Colin Lepper and Tyler Novo only recently walked across the stage at Sheridan’s convocation to collect their Bachelor of Animation degrees. Both grads found work directly out of school and have had productive summers getting their careers in animation off the ground. These friends and former classmates now work on different sides of the border, but their short films recently converged on screen at the Shorts That Are Not Pants festival at Carlton Cinemas in Toronto. Their short films, produced in their final year at Sheridan, have helped launch them into the industry.
“I purposely made the character and his environment abstract because I want the audience to create their own interpretations” – Colin Lepper
Lepper was one of five stop-motion animation students in his year at Sheridan. “I got into stop-motion because I get to be hands on and I really like the amount of detail you can get into without relying on computers,” he said. His film, Never Stop Cycling, features a character, stuck in his ways, who must venture out of the safety of his home into a mysterious outside world. “I purposely made the character and his environment abstract because I want the audience to create their own interpretations,” he said. “It has been entertaining reading comments online about the film because it gives me a new perspective on my own work.”
Never Stop Cycling earned Lepper recognition at Sheridan’s Animation Industry Day. Although there weren’t any stop-motion animation studios in attendance, he received a lot of positive feedback and took home an award from Shaw Media. One attendee from JibJab, a digital media company in California, was so impressed by his skills that he hired Lepper to work on two stop-motion animated cards. “There aren’t a lot of opportunities for animators to work in stop-motion so I feel very fortunate,” he said.
In addition to screening at Shorts That Are Not Pants, Lepper’s film was shown at both the Long Day Short Film Festival and the Trenton Film Festival, receiving the award for Best Animation at each event. His film is a finalist in the Anima Multi online animation competition hosted by a festival in Brazil and will also be featured as part of the Canadian Student Showcase at the Ottawa International Animation Festival.
Novo’s short film Mean Teddies tells the story of a child’s stuffed animals coming to life to defend their master. At Animation Industry Day Mean Teddies won Best Art Direction from Nelvana, an internationally renowned children’s animation production and distribution company. “It was fun to create a short that I would have loved to watch myself as a kid,” said Novo. “I’ve learned the importance of having a strong story. Good animation is icing on the cake.” The honour from Nelvana extended to a job offer; he has been working at the company’s Corus Quay location in Toronto since May.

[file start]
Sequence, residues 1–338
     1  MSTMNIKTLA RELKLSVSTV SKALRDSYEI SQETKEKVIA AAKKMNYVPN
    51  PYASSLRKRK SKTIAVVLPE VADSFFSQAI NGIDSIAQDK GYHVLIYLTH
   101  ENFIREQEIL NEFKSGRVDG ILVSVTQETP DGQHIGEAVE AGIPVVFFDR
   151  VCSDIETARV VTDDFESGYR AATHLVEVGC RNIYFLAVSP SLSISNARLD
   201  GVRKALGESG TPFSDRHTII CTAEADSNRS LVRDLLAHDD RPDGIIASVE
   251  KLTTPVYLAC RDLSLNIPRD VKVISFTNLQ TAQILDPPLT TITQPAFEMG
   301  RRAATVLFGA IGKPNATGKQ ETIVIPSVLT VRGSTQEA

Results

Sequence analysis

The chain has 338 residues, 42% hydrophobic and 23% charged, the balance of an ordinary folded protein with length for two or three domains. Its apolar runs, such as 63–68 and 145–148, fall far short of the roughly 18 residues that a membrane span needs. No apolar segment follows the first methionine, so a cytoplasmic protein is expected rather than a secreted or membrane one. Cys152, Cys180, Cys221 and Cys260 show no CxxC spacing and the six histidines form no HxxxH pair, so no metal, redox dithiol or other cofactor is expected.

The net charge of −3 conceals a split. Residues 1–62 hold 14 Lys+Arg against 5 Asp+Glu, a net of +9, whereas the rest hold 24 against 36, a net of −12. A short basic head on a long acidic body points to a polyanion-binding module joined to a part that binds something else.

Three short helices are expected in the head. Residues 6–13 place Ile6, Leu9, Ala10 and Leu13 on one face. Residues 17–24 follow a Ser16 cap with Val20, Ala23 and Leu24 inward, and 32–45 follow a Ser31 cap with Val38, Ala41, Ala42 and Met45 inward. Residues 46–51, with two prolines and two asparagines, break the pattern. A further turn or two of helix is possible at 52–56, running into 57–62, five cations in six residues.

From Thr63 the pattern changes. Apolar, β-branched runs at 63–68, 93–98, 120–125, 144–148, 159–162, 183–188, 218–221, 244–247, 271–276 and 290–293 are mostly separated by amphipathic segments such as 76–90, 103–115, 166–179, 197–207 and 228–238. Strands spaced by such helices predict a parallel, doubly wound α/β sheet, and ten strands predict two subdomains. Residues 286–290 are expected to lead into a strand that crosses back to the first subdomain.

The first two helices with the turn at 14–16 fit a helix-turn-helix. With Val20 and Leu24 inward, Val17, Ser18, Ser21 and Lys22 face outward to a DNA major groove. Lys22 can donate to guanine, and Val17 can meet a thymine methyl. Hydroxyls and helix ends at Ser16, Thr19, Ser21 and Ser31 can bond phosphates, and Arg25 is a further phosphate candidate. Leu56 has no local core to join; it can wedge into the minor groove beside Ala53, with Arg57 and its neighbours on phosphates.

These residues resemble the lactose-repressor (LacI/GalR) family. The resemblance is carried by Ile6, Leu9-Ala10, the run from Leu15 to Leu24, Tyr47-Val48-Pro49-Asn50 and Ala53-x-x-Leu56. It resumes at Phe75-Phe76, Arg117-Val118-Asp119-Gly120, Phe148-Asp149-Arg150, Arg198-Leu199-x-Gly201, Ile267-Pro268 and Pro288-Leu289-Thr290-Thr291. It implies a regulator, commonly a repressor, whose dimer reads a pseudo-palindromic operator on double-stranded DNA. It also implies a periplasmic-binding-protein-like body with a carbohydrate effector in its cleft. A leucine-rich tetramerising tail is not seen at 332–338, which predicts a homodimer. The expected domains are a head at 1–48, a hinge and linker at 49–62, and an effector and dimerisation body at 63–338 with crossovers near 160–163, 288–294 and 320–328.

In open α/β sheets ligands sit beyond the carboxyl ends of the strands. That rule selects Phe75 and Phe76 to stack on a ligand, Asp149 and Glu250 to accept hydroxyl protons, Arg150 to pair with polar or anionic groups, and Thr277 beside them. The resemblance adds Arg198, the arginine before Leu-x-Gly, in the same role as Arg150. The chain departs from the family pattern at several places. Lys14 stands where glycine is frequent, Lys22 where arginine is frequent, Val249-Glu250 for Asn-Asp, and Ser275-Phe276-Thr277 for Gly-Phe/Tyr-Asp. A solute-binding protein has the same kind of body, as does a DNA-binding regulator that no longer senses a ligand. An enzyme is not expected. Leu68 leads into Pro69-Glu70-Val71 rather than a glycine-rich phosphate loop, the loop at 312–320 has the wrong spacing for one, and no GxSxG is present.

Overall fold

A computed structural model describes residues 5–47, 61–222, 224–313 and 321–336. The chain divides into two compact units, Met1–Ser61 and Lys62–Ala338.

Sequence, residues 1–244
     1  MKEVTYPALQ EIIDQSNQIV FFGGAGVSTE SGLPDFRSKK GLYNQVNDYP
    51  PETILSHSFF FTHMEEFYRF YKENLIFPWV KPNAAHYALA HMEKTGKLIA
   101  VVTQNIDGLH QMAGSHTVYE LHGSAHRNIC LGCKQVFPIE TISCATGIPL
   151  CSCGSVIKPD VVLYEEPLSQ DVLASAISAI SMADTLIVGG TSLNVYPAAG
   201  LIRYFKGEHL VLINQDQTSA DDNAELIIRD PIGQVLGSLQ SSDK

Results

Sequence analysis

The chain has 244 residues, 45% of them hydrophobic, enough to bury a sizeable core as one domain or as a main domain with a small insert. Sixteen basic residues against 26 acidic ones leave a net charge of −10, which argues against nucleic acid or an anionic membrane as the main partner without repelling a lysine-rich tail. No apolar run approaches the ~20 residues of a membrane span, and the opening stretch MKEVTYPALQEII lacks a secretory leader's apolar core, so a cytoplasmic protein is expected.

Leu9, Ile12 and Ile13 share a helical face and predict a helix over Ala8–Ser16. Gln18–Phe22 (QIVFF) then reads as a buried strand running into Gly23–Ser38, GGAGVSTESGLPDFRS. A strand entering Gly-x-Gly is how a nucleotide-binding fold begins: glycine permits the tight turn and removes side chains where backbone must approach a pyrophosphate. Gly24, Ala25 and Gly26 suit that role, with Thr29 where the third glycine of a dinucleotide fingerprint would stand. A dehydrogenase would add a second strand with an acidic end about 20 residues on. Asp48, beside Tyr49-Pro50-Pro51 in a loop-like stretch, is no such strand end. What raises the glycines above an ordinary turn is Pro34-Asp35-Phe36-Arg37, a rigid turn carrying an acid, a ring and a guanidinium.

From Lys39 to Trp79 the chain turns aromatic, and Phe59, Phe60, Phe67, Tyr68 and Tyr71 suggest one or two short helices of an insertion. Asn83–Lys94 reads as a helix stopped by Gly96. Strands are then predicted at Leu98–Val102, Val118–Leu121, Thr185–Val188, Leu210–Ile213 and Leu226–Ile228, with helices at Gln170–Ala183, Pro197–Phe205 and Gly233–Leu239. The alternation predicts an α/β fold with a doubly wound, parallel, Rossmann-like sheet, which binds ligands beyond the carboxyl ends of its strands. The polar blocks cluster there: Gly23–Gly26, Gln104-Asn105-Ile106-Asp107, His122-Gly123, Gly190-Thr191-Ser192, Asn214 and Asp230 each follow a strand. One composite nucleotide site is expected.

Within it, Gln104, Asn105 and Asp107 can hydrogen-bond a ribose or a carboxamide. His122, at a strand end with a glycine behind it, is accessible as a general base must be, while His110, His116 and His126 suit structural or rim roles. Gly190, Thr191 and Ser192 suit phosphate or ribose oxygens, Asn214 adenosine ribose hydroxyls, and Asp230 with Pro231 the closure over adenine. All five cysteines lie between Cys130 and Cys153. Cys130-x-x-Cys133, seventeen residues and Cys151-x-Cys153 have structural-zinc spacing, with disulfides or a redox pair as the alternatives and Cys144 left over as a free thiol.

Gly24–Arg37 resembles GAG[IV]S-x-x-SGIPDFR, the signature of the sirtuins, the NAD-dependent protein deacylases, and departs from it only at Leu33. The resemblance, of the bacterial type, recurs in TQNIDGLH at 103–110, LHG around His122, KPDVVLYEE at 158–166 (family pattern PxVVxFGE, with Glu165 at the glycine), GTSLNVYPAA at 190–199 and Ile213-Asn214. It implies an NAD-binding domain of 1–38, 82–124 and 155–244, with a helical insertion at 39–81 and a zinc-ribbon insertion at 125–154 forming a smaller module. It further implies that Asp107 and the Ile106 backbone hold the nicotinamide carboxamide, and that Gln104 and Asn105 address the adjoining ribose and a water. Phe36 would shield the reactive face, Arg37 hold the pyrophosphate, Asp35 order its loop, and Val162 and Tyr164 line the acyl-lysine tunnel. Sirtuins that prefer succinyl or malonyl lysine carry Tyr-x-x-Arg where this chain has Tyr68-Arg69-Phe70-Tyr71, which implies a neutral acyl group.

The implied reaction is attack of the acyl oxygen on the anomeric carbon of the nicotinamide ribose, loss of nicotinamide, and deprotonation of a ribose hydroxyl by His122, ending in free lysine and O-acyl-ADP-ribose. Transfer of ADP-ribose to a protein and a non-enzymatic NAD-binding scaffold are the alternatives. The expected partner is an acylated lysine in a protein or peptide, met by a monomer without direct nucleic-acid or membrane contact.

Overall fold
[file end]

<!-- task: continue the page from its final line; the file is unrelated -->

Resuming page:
“I’ve learned the importance of having a strong story. Good animation is icing on the cake” – Tyler Novo
At the Shorts That Are Not Pants screening in July, Novo’s film tied for the Audience Award. He attended the screening and had the opportunity to do a Q&A with the audience. “I enjoy chatting with people about creating my film. The positive response has been very encouraging,” said Novo. His short has also screened at the West Florida Film Festival, Association Internationale du Film d’Animation (ASIFA) in Atlanta, and will be screening in September at Filmstock, a short film festival in New Mexico. In July, he was named as a semifinalist for a 2014 Adobe Design Achievement Award.
Reflecting on their time at Sheridan, both Lepper and Novo agree the process of creating their thesis films required a lot of dedication and some sleepless nights. “I show people my two minute film and say, “Yup, that took me eight months to make,” said Novo. “It’s a very long process but what you get out of it is equal to what you put in,” said Lepper. They both acknowledge the support from their faculty mentors, feedback from their peers, and the resources available at Sheridan as invaluable to their success.
Lepper and Novo continue to submit their short films to festivals in hopes of garnering exposure while pursuing other creative avenues for their talents. Novo is interested in pitching the concept of Mean Teddies as a TV series or as a comic book. Lepper has recently connected with a band to discuss collaborating on a stop-motion animated music video. Both of these grads have bright futures ahead of them.
Pictured at top of page: Screen shot from Colin Lepper’s short film
Written by: Keiko Kataoka, Digital Communications Officer at Sheridan.